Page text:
I Have to Ask: Being Special in a Special District

Posted on September 9, 2019

Laura Savage

In this series, guest columnists respond to one of three topics selected by ELGL co-founder Kent Wyatt. This week, Brandon Smith, City of Kansas City, Missouri, highlights the work of Laura Savage, Pueblo West Metropolitan District. 

Laura SavageLaura Savage is a local government employee, but not in the traditional sense. She’s the Assistant to the District Manager. Hmm… that sounds like something legitimate, but if you’re like me it doesn’t quite stick the landing. That’s because she works, lives, plays, and raises her family in a special district, which is not exactly a City. It’s also not District 9, nor is it the District of Columbia, but is sort of similar in a way.  It’s on the pathway to becoming a City, but it’s been on this pathway since the days of disco. Read on… 

It all started when Robert P. McCulloch inherited a fortune from his grandfather who was responsible for implementing Thomas Edison’s electrical power plants in cities around America. McCulloch used some of that money to purchase a large chunk of land south of Colorado Springs, CO. Today nearly 50 square miles of that originally purchased land is now a special district. 

This special district is called Pueblo West Metropolitan District (PW, for short). So what, exactly, is a special district?

Pueblo West, CO

PuebloAt the time of its founding, McCulloch envisioned this chunk of land as a financing mechanism to create a “country city.” In fact, McCulloch intended PW to be a free-ranging country city rather than a simple tourist destination. Like Lake Havasu, AZ it was master planned to be a city of 60,000 people. Water lines were ran to every tract and block. A park was built and over 400 miles of roads were constructed. Further phased growth was to happen, but McCulloch ran into financial trouble and had to sell all the land, thereby scrapping his planned approach. This problem was exacerbated by the fact that land didn’t sell as it should have and his investors pulled out. 

Population density never achieved critical mass and therefore the idea of incorporating could not even be placed on the ballot. And this is where we are today. PW has grown in size to almost 35,000 residents, but because it still has not been incorporated, much of the government services are graciously paid for by the county.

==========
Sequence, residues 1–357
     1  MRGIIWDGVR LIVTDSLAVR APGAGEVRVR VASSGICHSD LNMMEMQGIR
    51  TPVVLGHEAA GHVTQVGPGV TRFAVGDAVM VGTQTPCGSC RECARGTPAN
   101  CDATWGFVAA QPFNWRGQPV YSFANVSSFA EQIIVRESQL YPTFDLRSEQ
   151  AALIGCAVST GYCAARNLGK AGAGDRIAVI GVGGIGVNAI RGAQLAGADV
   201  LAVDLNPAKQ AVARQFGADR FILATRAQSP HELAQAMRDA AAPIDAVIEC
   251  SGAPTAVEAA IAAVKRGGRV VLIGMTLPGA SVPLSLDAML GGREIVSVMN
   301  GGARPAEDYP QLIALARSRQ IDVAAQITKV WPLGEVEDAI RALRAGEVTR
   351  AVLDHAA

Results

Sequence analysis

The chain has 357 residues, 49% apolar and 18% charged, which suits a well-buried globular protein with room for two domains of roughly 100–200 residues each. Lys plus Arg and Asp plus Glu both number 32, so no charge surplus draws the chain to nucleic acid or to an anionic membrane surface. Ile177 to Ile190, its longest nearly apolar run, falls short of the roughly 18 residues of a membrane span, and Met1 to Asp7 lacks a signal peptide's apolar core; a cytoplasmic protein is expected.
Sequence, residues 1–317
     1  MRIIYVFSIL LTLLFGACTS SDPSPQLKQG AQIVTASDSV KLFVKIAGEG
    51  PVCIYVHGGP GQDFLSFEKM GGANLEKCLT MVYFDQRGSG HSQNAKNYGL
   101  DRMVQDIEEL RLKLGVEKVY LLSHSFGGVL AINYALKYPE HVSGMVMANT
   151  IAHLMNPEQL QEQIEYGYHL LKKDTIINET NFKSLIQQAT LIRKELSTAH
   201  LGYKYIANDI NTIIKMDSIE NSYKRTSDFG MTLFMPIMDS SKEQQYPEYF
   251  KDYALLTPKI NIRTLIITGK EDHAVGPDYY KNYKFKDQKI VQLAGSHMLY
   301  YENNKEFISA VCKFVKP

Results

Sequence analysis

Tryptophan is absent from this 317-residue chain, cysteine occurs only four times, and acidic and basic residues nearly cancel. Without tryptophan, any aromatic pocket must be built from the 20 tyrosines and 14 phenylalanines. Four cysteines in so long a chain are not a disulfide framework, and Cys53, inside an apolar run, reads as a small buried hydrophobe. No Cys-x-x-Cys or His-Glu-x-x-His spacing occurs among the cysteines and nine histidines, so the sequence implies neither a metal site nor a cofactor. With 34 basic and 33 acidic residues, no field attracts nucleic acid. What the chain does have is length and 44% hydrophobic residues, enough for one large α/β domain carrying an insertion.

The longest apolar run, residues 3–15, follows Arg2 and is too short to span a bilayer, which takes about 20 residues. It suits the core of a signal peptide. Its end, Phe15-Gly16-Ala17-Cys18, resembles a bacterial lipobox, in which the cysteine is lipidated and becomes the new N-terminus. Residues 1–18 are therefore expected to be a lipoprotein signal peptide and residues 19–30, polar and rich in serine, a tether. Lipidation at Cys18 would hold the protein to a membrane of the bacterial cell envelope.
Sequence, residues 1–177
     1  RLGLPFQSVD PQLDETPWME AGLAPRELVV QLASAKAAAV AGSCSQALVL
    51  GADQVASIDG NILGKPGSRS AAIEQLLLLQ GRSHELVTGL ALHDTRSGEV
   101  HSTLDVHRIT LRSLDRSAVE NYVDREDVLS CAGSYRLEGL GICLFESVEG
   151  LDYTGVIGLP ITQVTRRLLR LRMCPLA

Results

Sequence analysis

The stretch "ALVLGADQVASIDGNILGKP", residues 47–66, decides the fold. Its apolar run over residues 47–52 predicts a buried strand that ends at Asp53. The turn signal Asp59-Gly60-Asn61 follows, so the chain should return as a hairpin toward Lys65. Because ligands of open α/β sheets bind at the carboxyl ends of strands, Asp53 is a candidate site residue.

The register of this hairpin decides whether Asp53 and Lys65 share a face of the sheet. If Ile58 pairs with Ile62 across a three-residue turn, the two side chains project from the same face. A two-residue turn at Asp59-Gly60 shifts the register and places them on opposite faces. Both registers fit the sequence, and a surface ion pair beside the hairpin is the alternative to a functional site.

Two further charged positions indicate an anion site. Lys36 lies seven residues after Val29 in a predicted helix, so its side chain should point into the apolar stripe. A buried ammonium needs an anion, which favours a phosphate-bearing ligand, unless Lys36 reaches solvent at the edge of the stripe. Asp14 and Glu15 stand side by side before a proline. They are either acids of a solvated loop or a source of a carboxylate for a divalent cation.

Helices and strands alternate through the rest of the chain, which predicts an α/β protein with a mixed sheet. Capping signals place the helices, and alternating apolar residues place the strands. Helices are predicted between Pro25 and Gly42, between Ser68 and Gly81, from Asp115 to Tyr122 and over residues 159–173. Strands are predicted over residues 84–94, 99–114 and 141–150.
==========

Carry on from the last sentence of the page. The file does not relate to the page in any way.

So what happened? Well I had to ask and thankfully I was able to speak directly to Laura herself to learn precisely what has gone awry. It’s a confluence of events really. I’ll let Laura explain. 

Brandon: All right, Laura. Elaborate for me, if you will, what a so-called “country city” is please. 

Laura: [Mr. McCulloch] included a fully equipped golf course, parcels for businesses and schools, and equestrian trails. The plats in PW are a mix of single family, multi family, and exclusive acreage lots.. People are often still often seen riding horses to eat out at night. 

Brandon: Ok, so the equestrian angle that McCulloch originally sought sounds like it worked out, but the actual transition into an incorporated City doesn’t seem to have come to pass.  What separates PW from other cities in America?

Laura: Not much honestly. We have everything but a police department and municipal court. 

Brandon: So no speeding tickets?

Laura: Yes we do have those, but all speeding tickets are enforced by the county sheriff considering we are in unincorporated Pueblo County. 

Brandon: What about a Parks and Rec Department? It seems like a pretty idyllic setting based on the pictures I’ve seen. 

Laura: We have a Parks and Recreation Department which is part of our Service Plan. But if this non-city community is to be maintained, there will have to be revenue generated beyond our current property tax model. Based on other sales tax initiatives, I’m not sure how this would fare. A 1% sales tax was put on the ballot twice in the last four years to fix the roads, but it was voted down each time. A new fire station is needed in the southwest portion of the  community as well simply to improve service by decreasing response times. Right now this problem is leading to homeowner’s insurance premiums increasing.